While information technologies present organizations with opportunities to become more competitive, unsettled social norms and lagging legislation guiding the use of these technologies present organizations and individuals with ethical dilemmas. This paper presents two studies investigating the relationship between intellectual property and privacy attitudes, Machiavellianism and Ethical Ideology, and working in R&D and computer literacy in the form of programming experience. In Study 1, Machiavellians believed it was more acceptable to ignore the intellectual property and privacy rights of others. Programmers (...) and R&D workers considered violating intellectual property rights more acceptable. Programmers did not consider violating privacy rights more acceptable, but R&D workers did. Finally, there was an interaction between Machiavellianism, programming and R&D. Machiavellians who also had programming experience or worked in R&D found violations of intellectual property much more acceptable. The effect of Machiavellianism on attitudes toward violations of privacy was enhanced by working in R&D, but not by programming experience. In Study 2, idealists believed it was less acceptable to ignore the intellectual property and privacy rights of others. Relativists found it more acceptable to violate intellectual property rights, though they did not consider it more acceptable to violate privacy rights. Those with programming experience were more accepting of intellectual property rights violations, but not of privacy violations. Finally, programming experience moderated the relationship between idealism, relativism and attitudes toward these unethical information practices. Implications for diminishing unethical behavior among Machiavellians, Relativists, programmers and those in R&D are discussed. (shrink)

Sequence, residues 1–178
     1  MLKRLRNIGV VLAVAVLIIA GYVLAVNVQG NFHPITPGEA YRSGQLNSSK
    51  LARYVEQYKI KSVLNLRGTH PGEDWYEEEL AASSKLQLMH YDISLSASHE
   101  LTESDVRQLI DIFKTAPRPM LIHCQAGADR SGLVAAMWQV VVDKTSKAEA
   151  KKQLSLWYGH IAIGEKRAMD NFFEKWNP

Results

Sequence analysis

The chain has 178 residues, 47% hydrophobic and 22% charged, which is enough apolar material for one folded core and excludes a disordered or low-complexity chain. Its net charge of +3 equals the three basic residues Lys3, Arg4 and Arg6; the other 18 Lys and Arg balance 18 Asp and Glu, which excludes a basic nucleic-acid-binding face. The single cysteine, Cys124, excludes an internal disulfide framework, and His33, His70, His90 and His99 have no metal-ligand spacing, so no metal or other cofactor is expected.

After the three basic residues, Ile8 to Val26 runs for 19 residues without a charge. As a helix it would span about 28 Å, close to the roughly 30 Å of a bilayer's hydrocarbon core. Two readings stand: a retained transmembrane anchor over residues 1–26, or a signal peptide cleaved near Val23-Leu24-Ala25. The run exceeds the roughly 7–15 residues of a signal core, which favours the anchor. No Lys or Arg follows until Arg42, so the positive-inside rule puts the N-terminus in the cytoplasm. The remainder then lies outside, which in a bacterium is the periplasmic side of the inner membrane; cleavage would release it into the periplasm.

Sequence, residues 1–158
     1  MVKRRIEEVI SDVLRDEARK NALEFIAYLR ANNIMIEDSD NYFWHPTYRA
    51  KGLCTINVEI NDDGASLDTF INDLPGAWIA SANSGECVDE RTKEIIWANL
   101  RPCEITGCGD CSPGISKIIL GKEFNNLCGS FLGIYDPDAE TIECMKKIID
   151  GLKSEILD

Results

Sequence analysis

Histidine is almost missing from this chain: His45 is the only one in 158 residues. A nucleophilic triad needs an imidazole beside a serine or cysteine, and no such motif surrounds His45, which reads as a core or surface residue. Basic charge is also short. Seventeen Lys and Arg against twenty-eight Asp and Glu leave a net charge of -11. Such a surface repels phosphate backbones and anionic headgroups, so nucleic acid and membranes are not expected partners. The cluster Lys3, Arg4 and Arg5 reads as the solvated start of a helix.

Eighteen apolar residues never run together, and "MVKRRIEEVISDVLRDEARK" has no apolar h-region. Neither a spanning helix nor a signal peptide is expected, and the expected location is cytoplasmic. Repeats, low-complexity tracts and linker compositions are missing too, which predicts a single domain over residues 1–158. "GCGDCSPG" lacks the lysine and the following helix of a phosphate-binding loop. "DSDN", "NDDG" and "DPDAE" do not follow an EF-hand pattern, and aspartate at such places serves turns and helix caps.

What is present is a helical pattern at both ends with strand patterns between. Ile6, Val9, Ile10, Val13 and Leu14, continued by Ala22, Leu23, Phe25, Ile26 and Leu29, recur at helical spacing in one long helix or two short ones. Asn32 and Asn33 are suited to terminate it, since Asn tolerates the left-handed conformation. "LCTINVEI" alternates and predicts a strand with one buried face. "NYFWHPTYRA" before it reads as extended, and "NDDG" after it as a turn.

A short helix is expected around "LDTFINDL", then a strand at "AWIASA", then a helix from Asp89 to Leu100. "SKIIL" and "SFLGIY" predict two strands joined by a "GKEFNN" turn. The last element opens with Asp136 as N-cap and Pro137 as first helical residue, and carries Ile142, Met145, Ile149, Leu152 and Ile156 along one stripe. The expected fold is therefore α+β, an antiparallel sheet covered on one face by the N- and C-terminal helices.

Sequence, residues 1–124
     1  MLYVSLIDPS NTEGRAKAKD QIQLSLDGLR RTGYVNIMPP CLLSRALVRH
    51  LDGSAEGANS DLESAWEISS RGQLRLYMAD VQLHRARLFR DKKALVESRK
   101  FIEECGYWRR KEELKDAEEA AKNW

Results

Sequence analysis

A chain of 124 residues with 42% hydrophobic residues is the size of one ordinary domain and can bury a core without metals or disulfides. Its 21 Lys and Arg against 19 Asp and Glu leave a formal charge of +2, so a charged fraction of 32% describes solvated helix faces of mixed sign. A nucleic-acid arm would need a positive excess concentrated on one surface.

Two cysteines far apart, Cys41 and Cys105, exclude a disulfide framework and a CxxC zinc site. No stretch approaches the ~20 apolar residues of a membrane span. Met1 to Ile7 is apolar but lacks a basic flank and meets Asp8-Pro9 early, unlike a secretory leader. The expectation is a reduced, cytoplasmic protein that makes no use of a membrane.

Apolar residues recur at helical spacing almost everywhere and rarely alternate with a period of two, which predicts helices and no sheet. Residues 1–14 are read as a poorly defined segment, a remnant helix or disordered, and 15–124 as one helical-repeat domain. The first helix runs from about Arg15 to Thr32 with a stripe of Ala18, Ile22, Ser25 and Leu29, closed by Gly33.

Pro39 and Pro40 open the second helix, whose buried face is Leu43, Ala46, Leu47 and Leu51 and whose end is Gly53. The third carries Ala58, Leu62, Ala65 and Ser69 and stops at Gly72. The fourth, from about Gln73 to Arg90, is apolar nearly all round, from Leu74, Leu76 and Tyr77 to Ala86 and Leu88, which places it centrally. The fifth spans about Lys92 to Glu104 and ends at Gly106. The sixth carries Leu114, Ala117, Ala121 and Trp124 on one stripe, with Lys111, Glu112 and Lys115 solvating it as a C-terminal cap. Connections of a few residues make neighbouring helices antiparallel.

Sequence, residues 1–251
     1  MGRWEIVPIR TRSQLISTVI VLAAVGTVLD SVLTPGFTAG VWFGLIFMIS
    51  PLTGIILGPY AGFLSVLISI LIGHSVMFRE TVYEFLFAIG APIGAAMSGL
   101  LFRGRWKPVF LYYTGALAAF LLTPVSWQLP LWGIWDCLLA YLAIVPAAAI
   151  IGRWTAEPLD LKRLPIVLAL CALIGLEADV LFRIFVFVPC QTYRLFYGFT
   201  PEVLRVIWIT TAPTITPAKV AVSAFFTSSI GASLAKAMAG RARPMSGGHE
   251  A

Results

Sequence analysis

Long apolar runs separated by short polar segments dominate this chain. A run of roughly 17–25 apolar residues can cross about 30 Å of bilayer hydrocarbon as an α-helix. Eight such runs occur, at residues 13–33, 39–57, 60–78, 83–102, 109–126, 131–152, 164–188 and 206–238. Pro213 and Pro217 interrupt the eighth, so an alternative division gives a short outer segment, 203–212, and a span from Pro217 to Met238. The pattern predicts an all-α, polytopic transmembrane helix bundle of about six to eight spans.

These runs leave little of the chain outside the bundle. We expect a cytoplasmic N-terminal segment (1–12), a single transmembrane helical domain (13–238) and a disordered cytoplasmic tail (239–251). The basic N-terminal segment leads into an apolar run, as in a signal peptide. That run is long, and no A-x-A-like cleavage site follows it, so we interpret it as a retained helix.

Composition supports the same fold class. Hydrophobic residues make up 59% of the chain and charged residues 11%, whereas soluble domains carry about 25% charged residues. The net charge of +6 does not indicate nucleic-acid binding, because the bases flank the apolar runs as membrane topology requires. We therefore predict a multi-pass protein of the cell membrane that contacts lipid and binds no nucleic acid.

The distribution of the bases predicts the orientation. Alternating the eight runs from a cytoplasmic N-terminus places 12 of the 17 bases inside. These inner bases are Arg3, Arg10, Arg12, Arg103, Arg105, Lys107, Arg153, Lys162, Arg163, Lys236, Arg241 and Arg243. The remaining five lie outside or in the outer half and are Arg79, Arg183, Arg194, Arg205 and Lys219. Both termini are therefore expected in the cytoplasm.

Although organizations can derive competitive advantage from developing and implementing information systems, they are confronted with a rising number of unethical information practices. Because end-users and computer experts are the conduit to an ethical organizational environment, their intention to report unethical IT-related practices plays a critical role in protecting intellectual property and privacy rights. Using the survey methodology, this article investigates the relationship between willingness to report intellectual property and privacy violations and Machiavellianism, gender and computer literacy in the form (...) of programming experience. We found that gender and computer expertise interact with Machiavellianism to influence individuals’ intention of reporting unethical IT practices. This study helps us to improve our understanding of the emergent ethical issues existing in the IT-enabled decision environment. (shrink)